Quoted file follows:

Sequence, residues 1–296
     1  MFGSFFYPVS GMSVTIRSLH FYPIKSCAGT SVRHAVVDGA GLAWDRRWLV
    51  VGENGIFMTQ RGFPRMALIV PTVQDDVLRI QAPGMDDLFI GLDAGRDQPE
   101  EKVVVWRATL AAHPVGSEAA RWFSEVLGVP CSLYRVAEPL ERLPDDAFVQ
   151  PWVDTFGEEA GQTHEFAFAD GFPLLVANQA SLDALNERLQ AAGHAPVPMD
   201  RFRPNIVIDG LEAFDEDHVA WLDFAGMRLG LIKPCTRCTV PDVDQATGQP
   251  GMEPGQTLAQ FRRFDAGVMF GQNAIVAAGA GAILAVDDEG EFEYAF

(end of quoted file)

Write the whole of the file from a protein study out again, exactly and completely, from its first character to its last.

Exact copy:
Sequence, residues 1–296
     1  MFGSFFYPVS GMSVTIRSLH FYPIKSCAGT SVRHAVVDGA GLAWDRRWLV
    51  VGENGIFMTQ RGFPRMALIV PTVQDDVLRI QAPGMDDLFI GLDAGRDQPE
   101  EKVVVWRATL AAHPVGSEAA RWFSEVLGVP CSLYRVAEPL ERLPDDAFVQ
   151  PWVDTFGEEA GQTHEFAFAD GFPLLVANQA SLDALNERLQ AAGHAPVPMD
   201  RFRPNIVIDG LEAFDEDHVA WLDFAGMRLG LIKPCTRCTV PDVDQATGQP
   251  GMEPGQTLAQ FRRFDAGVMF GQNAIVAAGA GAILAVDDEG EFEYAF